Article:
Implicit sequence learning in deaf children with cochlear implants

Christopher M. Conway, David Pisoni, Esperanza M. Anaya, Jennifer Karpicke, Shirley C. Henning

Research output: Contribution to journalArticle

94 Citations (Scopus)

Abstract

Deaf children with cochlear implants (CIs) represent an intriguing opportunity to study neurocognitive plasticity and reorganization when sound is introduced following a period of auditory deprivation early in development. Although it is common to consider deafness as affecting hearing alone, it may be the case that auditory deprivation leads to more global changes in neurocognitive function. In this paper, we investigate implicit sequence learning abilities in deaf children with CIs using a novel task that measured learning through improvement to immediate serial recall for statistically consistent visual sequences. The results demonstrated two key findings. First, the deaf children with CIs showed disturbances in their visual sequence learning abilities relative to the typically developing normal-hearing children. Second, sequence learning was significantly correlated with a standardized measure of language outcome in the CI children. These findings suggest that a period of auditory deprivation has secondary effects related to general sequencing deficits, and that disturbances in sequence learning may at least partially explain why some deaf children still struggle with language following cochlear implantation.

Original languageEnglish
Pages (from-to)69-82
Number of pages14
JournalDevelopmental Science
Volume14
Issue number1
DOIs
StatePublished - Jan 2011

Fingerprint

Cochlear Implants
Learning
Aptitude
Hearing
Language
Cochlear Implantation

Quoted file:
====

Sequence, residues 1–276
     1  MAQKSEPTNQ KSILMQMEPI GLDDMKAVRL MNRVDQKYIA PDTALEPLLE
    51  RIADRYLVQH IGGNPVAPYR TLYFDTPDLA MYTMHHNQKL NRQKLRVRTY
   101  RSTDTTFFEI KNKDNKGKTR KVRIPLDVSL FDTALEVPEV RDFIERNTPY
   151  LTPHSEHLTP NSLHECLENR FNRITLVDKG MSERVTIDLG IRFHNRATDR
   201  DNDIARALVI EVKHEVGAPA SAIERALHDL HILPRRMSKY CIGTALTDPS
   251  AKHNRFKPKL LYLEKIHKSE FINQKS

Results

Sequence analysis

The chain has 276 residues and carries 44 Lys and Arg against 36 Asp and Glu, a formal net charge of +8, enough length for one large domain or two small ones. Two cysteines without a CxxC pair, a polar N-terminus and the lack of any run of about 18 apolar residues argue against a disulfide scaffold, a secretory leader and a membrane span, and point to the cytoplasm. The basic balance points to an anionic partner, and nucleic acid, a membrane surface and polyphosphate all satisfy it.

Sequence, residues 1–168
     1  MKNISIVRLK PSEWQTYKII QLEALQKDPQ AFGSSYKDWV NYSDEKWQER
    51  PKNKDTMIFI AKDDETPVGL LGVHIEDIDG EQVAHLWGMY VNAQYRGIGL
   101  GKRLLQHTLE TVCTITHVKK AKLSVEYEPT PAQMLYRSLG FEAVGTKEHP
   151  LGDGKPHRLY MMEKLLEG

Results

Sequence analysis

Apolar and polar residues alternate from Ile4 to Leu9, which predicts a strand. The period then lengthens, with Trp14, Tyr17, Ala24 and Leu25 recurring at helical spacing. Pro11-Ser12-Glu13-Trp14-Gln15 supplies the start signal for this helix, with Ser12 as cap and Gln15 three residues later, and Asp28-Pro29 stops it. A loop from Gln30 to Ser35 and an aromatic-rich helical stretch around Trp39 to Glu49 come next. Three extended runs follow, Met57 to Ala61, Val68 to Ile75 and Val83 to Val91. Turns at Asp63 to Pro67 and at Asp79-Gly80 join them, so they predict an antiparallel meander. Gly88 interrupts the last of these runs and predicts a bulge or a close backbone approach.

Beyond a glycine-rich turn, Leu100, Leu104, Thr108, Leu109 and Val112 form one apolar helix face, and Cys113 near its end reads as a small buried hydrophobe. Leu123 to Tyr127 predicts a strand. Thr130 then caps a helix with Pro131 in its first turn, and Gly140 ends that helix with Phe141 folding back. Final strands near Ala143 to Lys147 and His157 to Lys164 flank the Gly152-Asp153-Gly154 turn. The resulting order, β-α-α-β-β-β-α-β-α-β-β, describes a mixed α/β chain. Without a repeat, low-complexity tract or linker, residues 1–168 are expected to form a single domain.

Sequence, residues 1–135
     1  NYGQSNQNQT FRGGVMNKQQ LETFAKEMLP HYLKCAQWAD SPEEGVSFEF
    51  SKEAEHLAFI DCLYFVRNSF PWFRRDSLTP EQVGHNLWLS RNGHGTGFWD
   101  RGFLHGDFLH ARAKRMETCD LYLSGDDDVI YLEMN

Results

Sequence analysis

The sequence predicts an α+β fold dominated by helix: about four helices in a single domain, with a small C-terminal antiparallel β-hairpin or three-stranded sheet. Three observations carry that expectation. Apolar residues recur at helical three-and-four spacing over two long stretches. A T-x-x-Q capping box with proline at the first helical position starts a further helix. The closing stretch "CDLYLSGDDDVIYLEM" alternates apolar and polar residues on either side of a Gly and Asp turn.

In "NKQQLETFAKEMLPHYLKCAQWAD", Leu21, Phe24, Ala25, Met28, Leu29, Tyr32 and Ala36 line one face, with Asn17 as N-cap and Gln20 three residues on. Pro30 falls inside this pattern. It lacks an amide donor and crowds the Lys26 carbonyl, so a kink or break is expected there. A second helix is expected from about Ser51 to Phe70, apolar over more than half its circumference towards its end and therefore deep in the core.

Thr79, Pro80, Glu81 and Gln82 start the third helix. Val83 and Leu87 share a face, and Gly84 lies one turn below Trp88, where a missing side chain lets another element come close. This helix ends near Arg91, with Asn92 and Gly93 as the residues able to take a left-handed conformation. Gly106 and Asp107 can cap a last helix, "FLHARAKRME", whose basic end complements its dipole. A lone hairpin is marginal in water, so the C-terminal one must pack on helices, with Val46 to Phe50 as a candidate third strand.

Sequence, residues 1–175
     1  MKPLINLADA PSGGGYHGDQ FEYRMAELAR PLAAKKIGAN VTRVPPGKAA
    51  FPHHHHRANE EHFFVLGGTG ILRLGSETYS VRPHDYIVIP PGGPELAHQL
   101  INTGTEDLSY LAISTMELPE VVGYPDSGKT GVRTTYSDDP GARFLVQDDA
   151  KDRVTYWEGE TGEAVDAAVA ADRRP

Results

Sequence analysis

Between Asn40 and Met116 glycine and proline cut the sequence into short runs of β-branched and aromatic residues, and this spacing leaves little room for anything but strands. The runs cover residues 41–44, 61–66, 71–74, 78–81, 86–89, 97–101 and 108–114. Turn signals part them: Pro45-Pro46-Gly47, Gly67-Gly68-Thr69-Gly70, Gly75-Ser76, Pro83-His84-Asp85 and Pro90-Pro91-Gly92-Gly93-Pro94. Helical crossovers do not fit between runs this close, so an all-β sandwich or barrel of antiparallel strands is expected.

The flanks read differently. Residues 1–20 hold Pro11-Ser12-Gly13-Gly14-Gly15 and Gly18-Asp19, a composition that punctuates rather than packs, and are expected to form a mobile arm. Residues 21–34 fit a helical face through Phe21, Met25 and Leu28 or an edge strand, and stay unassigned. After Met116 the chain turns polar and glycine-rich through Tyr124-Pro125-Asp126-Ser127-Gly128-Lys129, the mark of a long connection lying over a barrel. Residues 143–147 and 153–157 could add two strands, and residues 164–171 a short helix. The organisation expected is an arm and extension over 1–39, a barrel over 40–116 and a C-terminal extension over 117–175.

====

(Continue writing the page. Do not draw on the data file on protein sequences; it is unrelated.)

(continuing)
Deafness
Short-Term Memory
Outcome Assessment (Health Care)

ASJC Scopus subject areas

  • Developmental and Educational Psychology
  • Cognitive Neuroscience

Cite this

Implicit sequence learning in deaf children with cochlear implants. / Conway, Christopher M.; Pisoni, David; Anaya, Esperanza M.; Karpicke, Jennifer; Henning, Shirley C.

In: Developmental Science, Vol. 14, No. 1, 01.2011, p. 69-82.

Research output: Contribution to journalArticle

Conway, Christopher M. ; Pisoni, David ; Anaya, Esperanza M. ; Karpicke, Jennifer ; Henning, Shirley C. / Implicit sequence learning in deaf children with cochlear implants. In: Developmental Science. 2011 ; Vol. 14, No. 1. pp. 69-82.
@article{301d276c26c7488cbafdb8d04fea9bdf,
title = "Implicit sequence learning in deaf children with cochlear implants",
abstract = "Deaf children with cochlear implants (CIs) represent an intriguing opportunity to study neurocognitive plasticity and reorganization when sound is introduced following a period of auditory deprivation early in development. Although it is common to consider deafness as affecting hearing alone, it may be the case that auditory deprivation leads to more global changes in neurocognitive function. In this paper, we investigate implicit sequence learning abilities in deaf children with CIs using a novel task that measured learning through improvement to immediate serial recall for statistically consistent visual sequences. The results demonstrated two key findings. First, the deaf children with CIs showed disturbances in their visual sequence learning abilities relative to the typically developing normal-hearing children. Second, sequence learning was significantly correlated with a standardized measure of language outcome in the CI children. These findings suggest that a period of auditory deprivation has secondary effects related to general sequencing deficits, and that disturbances in sequence learning may at least partially explain why some deaf children still struggle with language following cochlear implantation.",